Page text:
Returning to the Goodman after debuting in a workshop production at last year’s New Stages Festival, David Cale’s autobiographical one-man show migrates from the Owen to the Albert. Those such as myself concerned that the production might lose a layer of its intimacy in the move should rest assured: David Cale could make an airplane hangar feel like a warmly lit living room.
Cale is an enchanting, disarmingly earnest storyteller. Hung between or sometimes in the midst of his anecdotes and vignettes are a dozen songs, their lyrical simplicity, coupled with Cale’s unadorned singing, suggesting an understated psychological depth, a nuanced understanding of the self that requires rigorous exploration. Throughout his show, which hinges on an unexpected (although foreshadowed) act of violence, Cale is both within and without his own child—and young adulthood. “We are both the show and the people watching the show,” as he says in his own words.
Cale cheerfully describes his own youthful obsession with life, especially at its edges. It stands to reason. “We’re Only Alive” is a document of harsh realities and grief at perceived missed opportunities, strung all the way round by the animating tension between what is and what could have been, the melancholy specter of “if” haunting every scene. Life, as Cale tells it, is both precious and inexplicable, a not-so-endless garden of forking paths where some fruit withers on the vine while elsewhere it flourishes.
“We’re Only Alive” is also a play about trauma, its biological and social components. “I gave him his fear,” Cale says, not so much impersonating as embodying his mother, Barbara. And while Cale never goes full Norman Bates, there is something unnerving about the ease with which he slides into his characters, particularly his mother. Cale’s father, Ron, is pitifully shallow, a working-class drunk whose life is controlled by his own father, a hat-factory owner who sees no separation between family and business. Ron’s only apparent motivation is to be free, making the play’s turn of events all the more painfully ironic.
Barbara is a far more charismatic character and we spend a significant chunk of the play’s middle with her. It is through his mother that we better come to understand Cale himself, but Barbara is beguiling landscape in her own right, a woman nearly invisible in her day-to-day, but bursting at the seams with expression and insight. Blame the corked bottle of English manners or the imposing social expectations of the working class to rise above the inherently inequitable dictates of their station; there are innumerable external and internal factors that keep Barbara trapped. Cale captures her overwhelming sense of longing while demonstrating his own brand of straightforward lyricism in the melancholically titled “If I’d Gone Left.”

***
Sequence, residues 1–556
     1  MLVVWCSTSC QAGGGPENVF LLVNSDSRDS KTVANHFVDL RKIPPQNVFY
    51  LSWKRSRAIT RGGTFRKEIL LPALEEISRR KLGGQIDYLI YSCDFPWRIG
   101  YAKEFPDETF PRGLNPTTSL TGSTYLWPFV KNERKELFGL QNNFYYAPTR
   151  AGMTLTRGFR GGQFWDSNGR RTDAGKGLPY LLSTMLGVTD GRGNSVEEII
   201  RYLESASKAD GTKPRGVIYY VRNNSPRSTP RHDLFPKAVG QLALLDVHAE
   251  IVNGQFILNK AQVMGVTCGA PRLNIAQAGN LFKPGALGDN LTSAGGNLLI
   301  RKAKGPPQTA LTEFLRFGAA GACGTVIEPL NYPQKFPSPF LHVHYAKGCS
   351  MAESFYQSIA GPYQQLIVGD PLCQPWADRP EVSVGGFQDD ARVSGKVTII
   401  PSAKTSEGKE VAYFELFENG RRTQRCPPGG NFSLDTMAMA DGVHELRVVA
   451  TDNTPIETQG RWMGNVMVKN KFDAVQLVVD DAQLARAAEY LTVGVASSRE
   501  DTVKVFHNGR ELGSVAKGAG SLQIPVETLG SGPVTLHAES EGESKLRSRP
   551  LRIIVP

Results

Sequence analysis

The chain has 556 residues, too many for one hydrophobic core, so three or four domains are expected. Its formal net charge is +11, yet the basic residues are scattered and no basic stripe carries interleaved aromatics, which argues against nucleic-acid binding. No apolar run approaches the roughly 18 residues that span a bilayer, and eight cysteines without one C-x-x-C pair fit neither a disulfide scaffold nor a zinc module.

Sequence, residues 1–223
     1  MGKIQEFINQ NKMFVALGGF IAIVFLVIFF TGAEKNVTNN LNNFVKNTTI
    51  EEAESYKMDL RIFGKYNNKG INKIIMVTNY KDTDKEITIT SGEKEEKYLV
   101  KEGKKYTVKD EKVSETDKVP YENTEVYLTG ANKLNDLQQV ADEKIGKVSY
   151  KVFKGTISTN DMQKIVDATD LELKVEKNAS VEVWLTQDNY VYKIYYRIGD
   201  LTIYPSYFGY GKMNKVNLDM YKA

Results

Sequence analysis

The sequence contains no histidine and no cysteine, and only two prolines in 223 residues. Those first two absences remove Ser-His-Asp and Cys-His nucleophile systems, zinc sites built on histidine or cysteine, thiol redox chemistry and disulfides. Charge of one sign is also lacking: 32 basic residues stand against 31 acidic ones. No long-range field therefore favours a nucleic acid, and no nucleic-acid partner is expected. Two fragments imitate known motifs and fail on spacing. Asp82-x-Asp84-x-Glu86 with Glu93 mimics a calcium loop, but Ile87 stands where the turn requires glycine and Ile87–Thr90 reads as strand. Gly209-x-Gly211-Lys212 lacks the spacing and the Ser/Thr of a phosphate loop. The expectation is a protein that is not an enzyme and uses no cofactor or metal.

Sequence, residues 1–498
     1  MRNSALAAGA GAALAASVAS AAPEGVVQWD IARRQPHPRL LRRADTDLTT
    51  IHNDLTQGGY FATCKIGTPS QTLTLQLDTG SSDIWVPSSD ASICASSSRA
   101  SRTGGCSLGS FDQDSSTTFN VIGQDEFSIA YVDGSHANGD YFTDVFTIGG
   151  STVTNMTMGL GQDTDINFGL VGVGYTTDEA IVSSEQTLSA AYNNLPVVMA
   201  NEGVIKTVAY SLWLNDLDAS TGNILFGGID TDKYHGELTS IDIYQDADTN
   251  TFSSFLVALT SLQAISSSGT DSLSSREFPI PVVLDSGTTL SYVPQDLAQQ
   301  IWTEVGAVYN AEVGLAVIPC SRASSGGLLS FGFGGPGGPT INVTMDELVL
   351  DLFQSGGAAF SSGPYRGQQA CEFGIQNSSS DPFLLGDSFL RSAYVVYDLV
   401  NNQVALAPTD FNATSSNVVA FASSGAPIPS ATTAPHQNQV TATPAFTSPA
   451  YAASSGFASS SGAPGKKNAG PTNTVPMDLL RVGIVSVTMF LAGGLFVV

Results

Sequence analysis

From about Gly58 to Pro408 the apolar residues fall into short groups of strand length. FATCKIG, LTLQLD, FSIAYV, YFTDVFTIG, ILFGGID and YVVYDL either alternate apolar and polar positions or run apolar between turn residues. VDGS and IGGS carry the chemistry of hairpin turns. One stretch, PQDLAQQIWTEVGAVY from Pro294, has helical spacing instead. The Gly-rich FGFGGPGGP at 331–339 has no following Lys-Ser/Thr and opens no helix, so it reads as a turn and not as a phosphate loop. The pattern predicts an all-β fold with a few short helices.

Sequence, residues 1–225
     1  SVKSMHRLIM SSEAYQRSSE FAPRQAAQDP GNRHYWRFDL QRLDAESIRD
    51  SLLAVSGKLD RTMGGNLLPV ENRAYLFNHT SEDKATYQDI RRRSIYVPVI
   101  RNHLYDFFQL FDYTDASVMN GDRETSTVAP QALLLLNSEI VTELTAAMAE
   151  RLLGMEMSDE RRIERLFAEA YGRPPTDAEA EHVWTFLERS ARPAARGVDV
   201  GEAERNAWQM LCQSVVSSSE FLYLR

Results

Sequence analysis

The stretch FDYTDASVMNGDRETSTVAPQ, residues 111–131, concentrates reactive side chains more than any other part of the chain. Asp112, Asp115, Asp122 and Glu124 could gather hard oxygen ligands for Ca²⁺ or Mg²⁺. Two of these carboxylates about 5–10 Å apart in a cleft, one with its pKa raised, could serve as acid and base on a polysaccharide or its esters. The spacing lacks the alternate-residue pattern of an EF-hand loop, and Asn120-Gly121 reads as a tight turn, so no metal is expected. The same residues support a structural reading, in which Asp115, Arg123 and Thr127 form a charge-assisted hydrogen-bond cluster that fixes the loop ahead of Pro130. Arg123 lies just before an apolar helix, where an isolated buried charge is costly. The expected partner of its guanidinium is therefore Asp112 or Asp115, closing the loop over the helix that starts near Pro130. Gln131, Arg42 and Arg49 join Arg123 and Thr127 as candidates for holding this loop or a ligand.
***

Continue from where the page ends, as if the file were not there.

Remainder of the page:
Accompanying Cale’s vocals are Matthew Dean Marsh (music director, piano), Dave Belden (viola), Michelle Campbell (harp), Desiree Miller (cello), Jered Montgomery (trumpet) and Anna Najoom (clarinet), providing music that is somehow both exotic and quintessentially English. The arrangements reminded me of what early demos of Joanna Newsom’s “Ys” might have sounded like or the more involved instrumental sections of Sufjan Stevens’ “Illinois.” Cale allows himself to be taken up by the music as if he is a winged bird and the chamber orchestra a strong gust. He is never out of control but he is also no longer with us, arcing above our human conundrums. Music releases Cale back to the wild of his childhood and it is here that he finds both peace and joy.
We inherit the desires of our family, even if we don’t always recognize them. Whether it is the need to become someone unrecognizable to ourself or, in contrast, to recognize ourselves in the admiration of others. Casual cruelty and innocuous offhandedness in childhood can incubate into the spiky traumas of adulthood. Much like family, we have little say in the matter. As Cale painfully reminds us, not all of us survive the families we join. But many of us do. And those who did will recognize the language of the survivor, the blinking Morse code and the elaborate SOS.
“We’re Only Alive” is a poignant mix of comedy and tragedy, a piece of pure performance that ought to be seen by as many people as possible. Perhaps, after the almost-assured success of this run, it will get its remount in an airplane hangar after all. Like Cale to his dreams, this show is worth following wherever it takes you. (Kevin Greene)
Goodman Theatre, 170 North Dearborn, (312)443-3800, goodmantheatre.org, $25-$70. Through October 21.